Sustainability

Hemp cleans toxic soil and produces clean CBD

The soil purifying ability of cannabis has long been known by industrial cultivators of hemp throughout history. Hemp plays a major role in a crop rotation cycle due to its innate ability to clean and enrich soil that has become damaged from the cultivation of other major industrial crops. Hemp cultivation gives back to the land it grows from, which can then increase profitability of other crops for farmers.

The terminology ‘weed’ for marijuana didn’t just crop up out of thin air. It refers to the ability of cannabis to grow in inhospitable environments would cause other plants to suffer. It does this by removing toxic heavy metals from soils. In fact, it’s so effective that it has been utilized in the lands around the Chernobyl nuclear power plant in Ukraine to remove radioactive contaminants.

Recent research into the soil purifying ability of hemp at Pennsylvania State University has revealed some developments into how the process of decontamination occurs…

Toxic soil produces clean hemp

The study shows that in addition to hemp's ability to produce clean soil, it also produces more CBD in the buds when stressed by toxic soil than when grown in clean soil. All without increasing the THC or heavy-metal levels in the hemp buds.

Organic-Hemp

Although no details of the analysis of the buds were published, the researchers advised that when the buds were tested for heavy-metals, none were present. Sairam Rudrabhatla, who led the study, stated “We did see metal uptake in the leaves and removal from the soil but not in the floral buds.”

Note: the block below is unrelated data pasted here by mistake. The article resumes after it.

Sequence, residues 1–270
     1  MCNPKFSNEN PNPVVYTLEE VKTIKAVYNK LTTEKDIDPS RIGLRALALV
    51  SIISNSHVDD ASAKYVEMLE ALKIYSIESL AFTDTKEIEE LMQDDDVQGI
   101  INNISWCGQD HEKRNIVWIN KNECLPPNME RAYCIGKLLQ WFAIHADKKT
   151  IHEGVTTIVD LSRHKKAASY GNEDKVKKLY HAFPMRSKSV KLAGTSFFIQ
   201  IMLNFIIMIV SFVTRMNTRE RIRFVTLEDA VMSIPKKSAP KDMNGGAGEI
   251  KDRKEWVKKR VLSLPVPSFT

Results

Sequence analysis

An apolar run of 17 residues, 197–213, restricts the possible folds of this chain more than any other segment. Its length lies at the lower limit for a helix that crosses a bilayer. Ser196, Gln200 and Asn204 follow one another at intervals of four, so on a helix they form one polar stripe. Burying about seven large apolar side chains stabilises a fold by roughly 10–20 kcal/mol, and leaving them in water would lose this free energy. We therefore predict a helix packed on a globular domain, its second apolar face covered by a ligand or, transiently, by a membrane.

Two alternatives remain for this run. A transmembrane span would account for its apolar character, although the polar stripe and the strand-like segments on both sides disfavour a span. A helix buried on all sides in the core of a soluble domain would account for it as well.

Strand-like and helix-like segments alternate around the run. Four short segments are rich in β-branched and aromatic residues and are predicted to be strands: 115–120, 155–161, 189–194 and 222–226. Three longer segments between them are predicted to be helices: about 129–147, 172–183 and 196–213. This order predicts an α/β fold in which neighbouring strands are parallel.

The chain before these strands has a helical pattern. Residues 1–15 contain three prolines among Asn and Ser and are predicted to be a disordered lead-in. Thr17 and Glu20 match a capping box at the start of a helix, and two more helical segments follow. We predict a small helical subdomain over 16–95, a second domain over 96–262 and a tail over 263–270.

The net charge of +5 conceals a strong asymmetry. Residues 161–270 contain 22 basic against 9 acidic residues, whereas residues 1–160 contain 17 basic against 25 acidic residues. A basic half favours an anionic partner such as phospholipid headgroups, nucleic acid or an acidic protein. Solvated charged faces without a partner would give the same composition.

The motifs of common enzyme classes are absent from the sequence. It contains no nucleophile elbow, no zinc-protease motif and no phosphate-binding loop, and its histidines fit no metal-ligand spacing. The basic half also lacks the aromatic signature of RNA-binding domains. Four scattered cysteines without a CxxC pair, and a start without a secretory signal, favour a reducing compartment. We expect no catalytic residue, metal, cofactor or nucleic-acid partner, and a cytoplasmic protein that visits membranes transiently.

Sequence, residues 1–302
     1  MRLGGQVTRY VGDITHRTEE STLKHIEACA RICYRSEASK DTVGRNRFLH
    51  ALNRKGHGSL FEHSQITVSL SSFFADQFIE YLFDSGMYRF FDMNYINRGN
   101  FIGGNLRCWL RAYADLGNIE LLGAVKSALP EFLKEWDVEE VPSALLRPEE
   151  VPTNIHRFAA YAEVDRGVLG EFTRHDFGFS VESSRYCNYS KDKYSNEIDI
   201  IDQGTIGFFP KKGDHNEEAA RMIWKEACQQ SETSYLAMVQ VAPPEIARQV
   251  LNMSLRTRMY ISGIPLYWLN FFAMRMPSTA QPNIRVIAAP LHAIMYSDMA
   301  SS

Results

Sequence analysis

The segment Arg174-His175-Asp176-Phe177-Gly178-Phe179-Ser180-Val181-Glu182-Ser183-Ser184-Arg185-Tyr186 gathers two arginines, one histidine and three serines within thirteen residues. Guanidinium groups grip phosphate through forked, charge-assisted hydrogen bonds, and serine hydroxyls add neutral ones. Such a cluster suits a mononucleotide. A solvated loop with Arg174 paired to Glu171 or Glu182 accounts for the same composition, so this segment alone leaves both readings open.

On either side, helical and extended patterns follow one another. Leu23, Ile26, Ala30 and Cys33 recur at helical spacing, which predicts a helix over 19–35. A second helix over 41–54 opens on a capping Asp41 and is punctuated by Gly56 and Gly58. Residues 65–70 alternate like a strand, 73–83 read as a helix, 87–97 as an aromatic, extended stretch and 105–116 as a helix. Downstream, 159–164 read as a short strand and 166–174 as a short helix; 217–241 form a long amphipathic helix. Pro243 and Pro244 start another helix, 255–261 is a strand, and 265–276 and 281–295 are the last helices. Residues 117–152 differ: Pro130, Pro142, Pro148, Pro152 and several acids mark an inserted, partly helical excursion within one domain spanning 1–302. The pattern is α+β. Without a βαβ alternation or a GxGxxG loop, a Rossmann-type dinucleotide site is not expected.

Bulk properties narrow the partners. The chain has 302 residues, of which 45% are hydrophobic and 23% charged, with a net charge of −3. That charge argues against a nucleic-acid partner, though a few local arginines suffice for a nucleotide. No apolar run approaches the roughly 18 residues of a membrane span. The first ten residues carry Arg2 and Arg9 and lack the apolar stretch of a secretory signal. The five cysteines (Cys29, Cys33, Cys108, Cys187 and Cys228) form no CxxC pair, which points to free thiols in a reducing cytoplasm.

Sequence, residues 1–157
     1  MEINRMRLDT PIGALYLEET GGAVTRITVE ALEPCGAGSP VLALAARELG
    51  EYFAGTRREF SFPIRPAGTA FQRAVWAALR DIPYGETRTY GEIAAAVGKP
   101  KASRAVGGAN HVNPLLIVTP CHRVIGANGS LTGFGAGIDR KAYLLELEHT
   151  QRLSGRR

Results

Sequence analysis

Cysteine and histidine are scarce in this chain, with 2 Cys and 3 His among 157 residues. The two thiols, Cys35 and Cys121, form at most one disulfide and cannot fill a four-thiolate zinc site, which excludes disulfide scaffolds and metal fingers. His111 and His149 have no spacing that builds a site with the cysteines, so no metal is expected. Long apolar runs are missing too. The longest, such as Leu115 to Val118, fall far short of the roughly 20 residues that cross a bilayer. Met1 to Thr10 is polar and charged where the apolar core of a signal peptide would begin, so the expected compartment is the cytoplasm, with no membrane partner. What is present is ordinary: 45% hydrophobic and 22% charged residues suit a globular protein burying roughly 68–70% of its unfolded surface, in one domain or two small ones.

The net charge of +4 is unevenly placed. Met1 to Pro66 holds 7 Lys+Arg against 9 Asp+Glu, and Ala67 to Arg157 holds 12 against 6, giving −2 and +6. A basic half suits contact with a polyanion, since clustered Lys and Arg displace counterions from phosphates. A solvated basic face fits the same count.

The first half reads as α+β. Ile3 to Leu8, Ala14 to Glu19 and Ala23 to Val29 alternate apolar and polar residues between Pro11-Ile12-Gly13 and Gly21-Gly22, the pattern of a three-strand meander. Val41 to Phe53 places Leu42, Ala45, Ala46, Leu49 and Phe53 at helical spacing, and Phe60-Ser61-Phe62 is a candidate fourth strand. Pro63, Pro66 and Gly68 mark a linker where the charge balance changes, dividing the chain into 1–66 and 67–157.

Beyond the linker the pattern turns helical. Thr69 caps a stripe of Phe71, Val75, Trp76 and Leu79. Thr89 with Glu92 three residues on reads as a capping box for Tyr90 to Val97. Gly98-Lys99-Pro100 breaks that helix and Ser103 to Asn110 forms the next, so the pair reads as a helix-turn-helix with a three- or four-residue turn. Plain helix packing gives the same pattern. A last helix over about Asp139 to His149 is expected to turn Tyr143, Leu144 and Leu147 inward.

The process of removing toxic material using cannabis, called cannabis phytoremediation, has been a technique commonly employed by those wishing to purify land. However, the ability to produce more CBD per CBD flower bud without affecting their toxicity, is a development which can have potential uses in increasing the CBD production in hemp crops.

Also Read:  Top psychiatrist likens legalised cannabis to flat earth

Effects on the hemp market?

Naturally, the market interest for people consuming CBD products from hemp grown in heavily contaminated soil could be an issue. As stated by Chris Boucher, the co-founder of Hemp Industries Association, who stated, “The main part of the market will probably be a little fearful of hemp grown in toxic soil. That’s the dilemma I see. Right now, they’re beating the drum: ‘If you don’t use organic, it will be toxic and poisonous.’”

So, although the property of hemp to clean soil of heavy metals whilst increasing CBD production is remarkable, we may not see any change to the hemp market due to the consumer requirement of purchasing organic CBD products. More peer-reviewed clinical research in this area over time could prove useful in potentially swaying consumer opinion.

Michael Quinn

Michael is a 27-year-old Chemistry graduate from Stoke-on-Trent, England. When he’s not writing he’s travelling to music venues across the country with his sound-system

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